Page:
The sites designated for the new Safe Spots—spread throughout Eugene—require a significant amount of preparation before Huts can be assembled on them, including fence construction, grading, and access, which in some cases involves road building, something CSS hasn’t done before.

The fifteenth Hut and a gravel walkway were built at the Skinner City Farm site on November 12, completing the first phase of development at that Safe Spot.

But the physical infrastructure is just the beginning of CSS work. The longer term challenge is in the services that are the heart of the CSS program. “The service team supports people emotionally and mentally,” Erik says. “Not that the infrastructure doesn’t also do that, but it’s the way that we interact with people, that’s where the magic happens.”

The service staff will expand from four people working about 30 hours a week, about three full-time equivalents (FTE), to about ten FTE. And the way services are provided will be restructured to be more specialized. Each Safe Spot or Microsite has had a camp facilitator, who serves as a go-to resource for everybody in the camp. Now, service staff will serve in three different roles for the eight camps: peer support specialists, who build relationships with camp residents to support social continuity and reinforce program standards (five FTE); camp facilitators, who manage group processes, including meetings and conflict resolution (two FTE); and service navigators, who help residents find and work with other social service agencies after their needs have been identified with help from the peer support specialists and camp facilitators (three FTE).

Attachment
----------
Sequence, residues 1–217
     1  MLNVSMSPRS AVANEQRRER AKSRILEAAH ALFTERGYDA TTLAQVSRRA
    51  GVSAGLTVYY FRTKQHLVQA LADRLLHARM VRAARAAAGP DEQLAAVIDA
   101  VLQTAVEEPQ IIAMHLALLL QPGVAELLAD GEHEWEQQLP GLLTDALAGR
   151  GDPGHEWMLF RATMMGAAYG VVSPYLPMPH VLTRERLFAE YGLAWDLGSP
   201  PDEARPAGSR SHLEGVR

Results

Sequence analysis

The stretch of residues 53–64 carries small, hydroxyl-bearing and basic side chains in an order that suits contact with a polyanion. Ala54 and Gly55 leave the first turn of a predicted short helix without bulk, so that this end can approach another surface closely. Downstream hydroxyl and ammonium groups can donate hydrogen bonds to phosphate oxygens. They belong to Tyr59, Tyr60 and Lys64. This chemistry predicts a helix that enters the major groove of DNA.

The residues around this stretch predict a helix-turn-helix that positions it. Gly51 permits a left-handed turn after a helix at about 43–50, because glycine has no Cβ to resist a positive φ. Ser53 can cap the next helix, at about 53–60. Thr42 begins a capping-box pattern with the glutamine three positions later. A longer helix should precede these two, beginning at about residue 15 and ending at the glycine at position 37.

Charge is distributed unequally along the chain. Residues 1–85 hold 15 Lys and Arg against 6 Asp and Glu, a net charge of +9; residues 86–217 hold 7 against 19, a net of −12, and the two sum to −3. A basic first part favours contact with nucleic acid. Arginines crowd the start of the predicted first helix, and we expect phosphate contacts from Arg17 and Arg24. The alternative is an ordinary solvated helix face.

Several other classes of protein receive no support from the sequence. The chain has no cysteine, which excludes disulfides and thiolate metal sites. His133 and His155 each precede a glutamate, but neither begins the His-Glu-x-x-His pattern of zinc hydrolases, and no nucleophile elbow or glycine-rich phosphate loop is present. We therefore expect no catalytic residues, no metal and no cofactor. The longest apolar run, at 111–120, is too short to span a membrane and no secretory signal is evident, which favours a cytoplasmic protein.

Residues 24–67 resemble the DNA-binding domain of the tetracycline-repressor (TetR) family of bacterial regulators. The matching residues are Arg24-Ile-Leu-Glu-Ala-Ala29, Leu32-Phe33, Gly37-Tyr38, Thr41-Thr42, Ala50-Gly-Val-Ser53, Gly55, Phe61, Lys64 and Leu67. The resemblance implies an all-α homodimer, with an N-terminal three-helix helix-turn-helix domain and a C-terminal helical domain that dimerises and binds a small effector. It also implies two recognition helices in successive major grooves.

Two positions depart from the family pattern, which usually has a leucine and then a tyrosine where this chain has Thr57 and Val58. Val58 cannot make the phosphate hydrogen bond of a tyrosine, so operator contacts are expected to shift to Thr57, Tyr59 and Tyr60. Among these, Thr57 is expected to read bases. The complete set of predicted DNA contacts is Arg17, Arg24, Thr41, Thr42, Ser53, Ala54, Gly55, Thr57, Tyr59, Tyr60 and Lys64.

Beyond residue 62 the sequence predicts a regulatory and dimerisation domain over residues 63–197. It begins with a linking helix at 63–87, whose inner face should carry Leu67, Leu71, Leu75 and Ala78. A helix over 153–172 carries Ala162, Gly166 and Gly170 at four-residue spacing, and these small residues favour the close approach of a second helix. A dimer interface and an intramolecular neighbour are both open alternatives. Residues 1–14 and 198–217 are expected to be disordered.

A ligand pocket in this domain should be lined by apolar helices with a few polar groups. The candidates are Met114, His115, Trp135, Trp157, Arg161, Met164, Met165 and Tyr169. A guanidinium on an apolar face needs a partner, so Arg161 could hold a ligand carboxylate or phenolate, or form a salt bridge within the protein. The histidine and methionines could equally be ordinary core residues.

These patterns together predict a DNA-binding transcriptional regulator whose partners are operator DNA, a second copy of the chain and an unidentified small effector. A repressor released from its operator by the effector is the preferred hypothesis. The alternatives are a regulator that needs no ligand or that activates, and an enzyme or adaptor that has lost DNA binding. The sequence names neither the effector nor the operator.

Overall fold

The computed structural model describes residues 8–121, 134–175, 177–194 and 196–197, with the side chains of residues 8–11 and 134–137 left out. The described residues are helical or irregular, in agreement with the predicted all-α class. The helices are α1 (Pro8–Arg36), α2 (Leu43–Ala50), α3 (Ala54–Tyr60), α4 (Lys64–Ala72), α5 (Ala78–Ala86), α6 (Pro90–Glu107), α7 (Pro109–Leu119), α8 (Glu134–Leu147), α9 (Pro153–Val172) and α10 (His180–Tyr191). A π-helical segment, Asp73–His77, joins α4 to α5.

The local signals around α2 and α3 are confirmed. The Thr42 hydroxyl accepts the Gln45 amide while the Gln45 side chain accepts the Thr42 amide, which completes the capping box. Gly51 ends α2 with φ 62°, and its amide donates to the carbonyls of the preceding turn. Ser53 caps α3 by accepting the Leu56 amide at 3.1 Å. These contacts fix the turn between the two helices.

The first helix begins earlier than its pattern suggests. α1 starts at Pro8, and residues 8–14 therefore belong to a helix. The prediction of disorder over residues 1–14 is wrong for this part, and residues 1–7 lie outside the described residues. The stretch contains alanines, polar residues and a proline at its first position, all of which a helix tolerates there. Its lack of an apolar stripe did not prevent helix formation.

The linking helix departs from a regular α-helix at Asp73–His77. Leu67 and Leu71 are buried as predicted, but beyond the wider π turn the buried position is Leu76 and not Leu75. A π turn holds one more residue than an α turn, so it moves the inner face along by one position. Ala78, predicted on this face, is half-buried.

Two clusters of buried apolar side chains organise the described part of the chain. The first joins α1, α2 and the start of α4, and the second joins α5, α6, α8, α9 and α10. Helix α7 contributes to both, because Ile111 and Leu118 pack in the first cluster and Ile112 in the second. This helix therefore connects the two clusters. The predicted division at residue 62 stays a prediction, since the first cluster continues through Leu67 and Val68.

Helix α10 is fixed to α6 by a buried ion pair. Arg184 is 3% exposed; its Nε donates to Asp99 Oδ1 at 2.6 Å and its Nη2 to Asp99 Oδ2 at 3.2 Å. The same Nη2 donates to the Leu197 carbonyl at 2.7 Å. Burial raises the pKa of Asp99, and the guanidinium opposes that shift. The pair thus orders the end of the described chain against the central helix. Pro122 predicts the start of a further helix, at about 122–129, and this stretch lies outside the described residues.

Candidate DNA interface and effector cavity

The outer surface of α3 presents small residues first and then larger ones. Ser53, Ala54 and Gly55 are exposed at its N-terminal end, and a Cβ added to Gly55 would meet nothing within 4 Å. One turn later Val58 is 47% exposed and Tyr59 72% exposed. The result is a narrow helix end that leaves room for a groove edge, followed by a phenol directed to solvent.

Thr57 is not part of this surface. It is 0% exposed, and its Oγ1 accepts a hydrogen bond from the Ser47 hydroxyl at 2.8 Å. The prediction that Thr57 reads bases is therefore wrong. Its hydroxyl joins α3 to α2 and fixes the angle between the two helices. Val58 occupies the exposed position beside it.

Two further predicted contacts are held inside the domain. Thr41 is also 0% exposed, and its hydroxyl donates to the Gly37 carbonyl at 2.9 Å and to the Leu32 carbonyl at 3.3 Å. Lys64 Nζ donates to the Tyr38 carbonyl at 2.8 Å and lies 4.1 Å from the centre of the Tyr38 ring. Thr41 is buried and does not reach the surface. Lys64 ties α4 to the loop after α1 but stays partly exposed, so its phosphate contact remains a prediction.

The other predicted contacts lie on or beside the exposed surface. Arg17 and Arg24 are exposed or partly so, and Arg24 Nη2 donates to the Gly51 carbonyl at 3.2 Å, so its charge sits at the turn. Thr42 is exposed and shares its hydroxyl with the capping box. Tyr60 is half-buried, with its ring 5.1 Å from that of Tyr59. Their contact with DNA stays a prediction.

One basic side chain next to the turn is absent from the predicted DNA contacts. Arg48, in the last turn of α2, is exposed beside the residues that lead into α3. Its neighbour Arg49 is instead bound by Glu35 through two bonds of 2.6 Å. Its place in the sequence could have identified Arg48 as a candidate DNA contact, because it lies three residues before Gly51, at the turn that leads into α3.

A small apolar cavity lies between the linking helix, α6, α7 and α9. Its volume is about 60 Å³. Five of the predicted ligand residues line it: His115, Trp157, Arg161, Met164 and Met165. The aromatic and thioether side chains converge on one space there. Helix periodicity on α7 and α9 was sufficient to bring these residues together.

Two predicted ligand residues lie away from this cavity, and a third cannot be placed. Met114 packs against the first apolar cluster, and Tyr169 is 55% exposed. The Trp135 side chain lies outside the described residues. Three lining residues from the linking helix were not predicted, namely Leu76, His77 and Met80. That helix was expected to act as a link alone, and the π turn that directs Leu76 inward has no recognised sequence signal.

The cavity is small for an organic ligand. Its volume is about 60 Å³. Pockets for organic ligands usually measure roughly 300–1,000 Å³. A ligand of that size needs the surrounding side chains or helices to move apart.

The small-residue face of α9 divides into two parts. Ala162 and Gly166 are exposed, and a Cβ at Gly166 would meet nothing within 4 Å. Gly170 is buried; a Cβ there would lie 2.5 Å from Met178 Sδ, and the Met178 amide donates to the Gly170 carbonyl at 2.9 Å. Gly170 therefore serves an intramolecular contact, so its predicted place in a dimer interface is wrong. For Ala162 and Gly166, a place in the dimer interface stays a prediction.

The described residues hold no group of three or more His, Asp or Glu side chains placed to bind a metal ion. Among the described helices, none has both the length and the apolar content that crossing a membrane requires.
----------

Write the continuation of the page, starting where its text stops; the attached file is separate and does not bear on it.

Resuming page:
Erik expects the peer support specialists will come from people with experience in the program, either as a camp resident or a volunteer. One of the current camp facilitators, who will continue in the new structure, previously lived in two of the Safe Spots.

“We really like to hire from our camp pool or volunteer pool first,” Erik says. On the infrastructure side, at least two staffers are or have been camp residents and one started as a volunteer. 

“They’re socialized to our culture. The kind of culture that we try to nurture is something that’s just not done elsewhere.”

As it grows, CSS has to avoid the mindset where “efficiency rules and cutting costs and doing things as cheaply as possible is what really matters,” Erik says. “Or treating people as if they’re disposable.